I vs. Me
Some personal pronouns have two forms, one that is used as the subject of a verb and one that is used as the object of a verb or preposition.
Subject forms: I, he, she, we, they
My sister and I live in Texas. We raise chickens. (subject forms)
Jack and she moved to Paris. They love it there. (subject forms)
Object forms: me, him, her, us, them
Mary gave me your address. (indirect object of a verb)
The neighbors invited my wife and me to dinner. (object of a verb)
We met him at the movies. We met her there too. We like them. (objects of a verbs)
Jack writes to him every day. We went with them. (objects of prepositions)
Presumably, these distinctions are taught to children in school. Supposedly, teachers and other school personnel model this usage to the students. Yet this is what we hear all around us:
“Me and my friends went to Miami.”
“The Governor invited my wife and I to dinner.”
Those of us who know and care that I is a subject word and me is an object word react to such usage with feelings–if not cries–of outrage, but they continue.
Actors portraying psychologists, FBI agents, and medical examiners declare,
“Me and my colleagues interviewed the suspect.”
“Him and his girlfriend were seen on the balcony.”
“Make a reservation for Megan and I.”
Don’t the actors know better even if the scriptwriters are semi-literate?
The answer may well be that both actors and scriptwriters “know better,” but don’t care. They may desire to speak in a nonstandard way to show their freedom from what they regard as stuffy rule-following convention.
On the other hand, they may not “know better.” They may genuinely believe that it’s correct to use Me as a subject and I as an object in a compound, even though they would never use them that way when the subject or object is not a compound.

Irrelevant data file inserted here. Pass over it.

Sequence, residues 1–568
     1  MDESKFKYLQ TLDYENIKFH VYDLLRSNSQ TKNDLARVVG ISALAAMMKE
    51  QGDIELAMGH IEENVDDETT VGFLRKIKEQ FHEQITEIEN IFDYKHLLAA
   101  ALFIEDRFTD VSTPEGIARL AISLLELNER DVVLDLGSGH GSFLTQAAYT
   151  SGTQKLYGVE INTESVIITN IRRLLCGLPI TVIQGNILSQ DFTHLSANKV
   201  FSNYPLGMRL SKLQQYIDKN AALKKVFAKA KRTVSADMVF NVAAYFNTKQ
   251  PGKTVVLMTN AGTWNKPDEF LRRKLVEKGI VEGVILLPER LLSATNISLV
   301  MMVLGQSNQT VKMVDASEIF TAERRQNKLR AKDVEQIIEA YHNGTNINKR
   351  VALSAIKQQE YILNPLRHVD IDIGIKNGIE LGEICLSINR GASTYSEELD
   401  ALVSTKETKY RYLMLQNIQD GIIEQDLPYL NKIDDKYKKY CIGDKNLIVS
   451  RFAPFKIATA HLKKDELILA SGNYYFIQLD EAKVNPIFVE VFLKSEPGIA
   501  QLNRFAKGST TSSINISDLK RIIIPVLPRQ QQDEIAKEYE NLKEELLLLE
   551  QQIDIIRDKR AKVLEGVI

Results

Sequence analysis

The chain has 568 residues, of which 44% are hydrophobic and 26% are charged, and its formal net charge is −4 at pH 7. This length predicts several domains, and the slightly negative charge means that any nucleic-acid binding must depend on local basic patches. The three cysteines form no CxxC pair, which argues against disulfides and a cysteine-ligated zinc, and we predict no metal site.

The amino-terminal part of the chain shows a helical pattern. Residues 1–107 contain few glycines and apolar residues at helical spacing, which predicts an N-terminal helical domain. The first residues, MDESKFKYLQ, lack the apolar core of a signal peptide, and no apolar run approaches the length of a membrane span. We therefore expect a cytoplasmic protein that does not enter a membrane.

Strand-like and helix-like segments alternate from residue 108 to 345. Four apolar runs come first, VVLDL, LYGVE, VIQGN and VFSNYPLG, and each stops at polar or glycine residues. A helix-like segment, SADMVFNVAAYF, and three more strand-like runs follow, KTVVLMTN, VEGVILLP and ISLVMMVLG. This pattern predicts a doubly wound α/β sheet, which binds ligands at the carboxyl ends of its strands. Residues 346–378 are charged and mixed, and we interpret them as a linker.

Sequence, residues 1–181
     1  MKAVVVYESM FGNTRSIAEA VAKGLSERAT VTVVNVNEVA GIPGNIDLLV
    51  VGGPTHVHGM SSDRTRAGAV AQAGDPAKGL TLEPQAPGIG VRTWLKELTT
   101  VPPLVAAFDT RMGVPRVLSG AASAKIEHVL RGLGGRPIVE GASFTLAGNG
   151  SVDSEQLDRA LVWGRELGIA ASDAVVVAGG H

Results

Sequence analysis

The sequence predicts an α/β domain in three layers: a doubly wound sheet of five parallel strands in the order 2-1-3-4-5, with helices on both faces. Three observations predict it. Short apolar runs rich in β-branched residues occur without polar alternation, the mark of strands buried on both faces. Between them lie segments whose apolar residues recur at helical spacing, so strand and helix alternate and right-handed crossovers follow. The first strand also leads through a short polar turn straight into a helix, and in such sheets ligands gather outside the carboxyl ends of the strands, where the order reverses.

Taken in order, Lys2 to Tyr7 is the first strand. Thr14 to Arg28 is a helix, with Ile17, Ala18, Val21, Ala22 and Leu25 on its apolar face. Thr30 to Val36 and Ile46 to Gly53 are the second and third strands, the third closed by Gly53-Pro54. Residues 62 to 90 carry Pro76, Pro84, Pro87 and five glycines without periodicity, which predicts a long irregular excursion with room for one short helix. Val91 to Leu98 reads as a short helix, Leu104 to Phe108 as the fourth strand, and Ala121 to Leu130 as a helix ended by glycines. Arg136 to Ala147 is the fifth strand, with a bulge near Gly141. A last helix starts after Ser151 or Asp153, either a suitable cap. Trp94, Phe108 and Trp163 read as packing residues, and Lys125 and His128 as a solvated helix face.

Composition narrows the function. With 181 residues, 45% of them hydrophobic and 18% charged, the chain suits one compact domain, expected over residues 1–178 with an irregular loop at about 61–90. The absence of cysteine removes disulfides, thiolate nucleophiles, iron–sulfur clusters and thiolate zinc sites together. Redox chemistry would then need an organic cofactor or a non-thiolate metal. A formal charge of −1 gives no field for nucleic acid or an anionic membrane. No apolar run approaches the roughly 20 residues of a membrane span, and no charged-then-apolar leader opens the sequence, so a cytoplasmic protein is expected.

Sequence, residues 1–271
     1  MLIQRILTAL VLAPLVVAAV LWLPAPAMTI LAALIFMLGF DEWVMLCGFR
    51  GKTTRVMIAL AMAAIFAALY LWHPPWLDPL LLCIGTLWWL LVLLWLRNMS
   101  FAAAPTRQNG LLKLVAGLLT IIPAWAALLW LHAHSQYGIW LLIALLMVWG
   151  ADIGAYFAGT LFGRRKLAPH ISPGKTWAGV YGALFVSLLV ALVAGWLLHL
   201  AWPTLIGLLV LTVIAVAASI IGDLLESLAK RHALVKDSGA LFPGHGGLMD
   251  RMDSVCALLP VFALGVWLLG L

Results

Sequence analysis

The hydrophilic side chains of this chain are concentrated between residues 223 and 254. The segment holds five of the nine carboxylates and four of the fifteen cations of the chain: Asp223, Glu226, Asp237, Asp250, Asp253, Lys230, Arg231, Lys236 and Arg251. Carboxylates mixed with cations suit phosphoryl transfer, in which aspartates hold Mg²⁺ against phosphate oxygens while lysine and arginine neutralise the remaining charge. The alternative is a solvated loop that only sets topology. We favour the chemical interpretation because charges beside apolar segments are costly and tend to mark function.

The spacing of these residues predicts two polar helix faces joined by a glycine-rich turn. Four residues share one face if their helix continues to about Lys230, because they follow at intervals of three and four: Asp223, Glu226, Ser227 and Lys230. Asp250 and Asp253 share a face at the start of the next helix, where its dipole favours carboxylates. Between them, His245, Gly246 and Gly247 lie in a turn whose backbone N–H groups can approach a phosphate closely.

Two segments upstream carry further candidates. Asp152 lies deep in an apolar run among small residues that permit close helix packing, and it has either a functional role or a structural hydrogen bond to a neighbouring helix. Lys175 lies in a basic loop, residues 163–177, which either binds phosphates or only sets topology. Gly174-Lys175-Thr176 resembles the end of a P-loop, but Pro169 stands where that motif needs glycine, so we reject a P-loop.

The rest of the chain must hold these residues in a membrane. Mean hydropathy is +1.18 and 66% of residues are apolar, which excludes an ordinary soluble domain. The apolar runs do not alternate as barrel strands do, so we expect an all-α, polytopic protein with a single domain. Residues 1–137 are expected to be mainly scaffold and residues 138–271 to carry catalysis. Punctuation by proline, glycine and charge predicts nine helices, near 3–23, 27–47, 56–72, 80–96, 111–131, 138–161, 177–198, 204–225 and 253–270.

With grammatical constructions–as with Big Lies–if we hear them often enough, they will eventually “sound right.”
Language changes inexorably from generation to generation. Pronouns alter more slowly than any other part of speech, but they do change.
English once had three pronoun numbers: singular, dual, and plural. We lost the dual form early on. The singular second person pronoun thou and its forms thee, thy and thine dropped out of popular speech in the 16th century. (The Quakers retained some of the usage.)
The second person plural went through some changes before settling on you for both singular and plural. Before you won as the all-purpose second person pronoun, ye was the subject form and you was the object form. The distinction was still being observed in the KJV translation of the Bible, but in popular speech, ye and you were becoming muddled:
No doubt but ye are the people, and wisdom shall die with you. –1611 translation of Job 12:2
A southwest wind blow on ye And blister you all over! –Shakespeare’s The Tempest, c.1611.
As painful as the thought is to those of us who care, the mix-up of me and I in compound subjects and objects may become the norm.
What do you think? Is there any way to reverse the trend?
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24 Responses to “I vs. Me”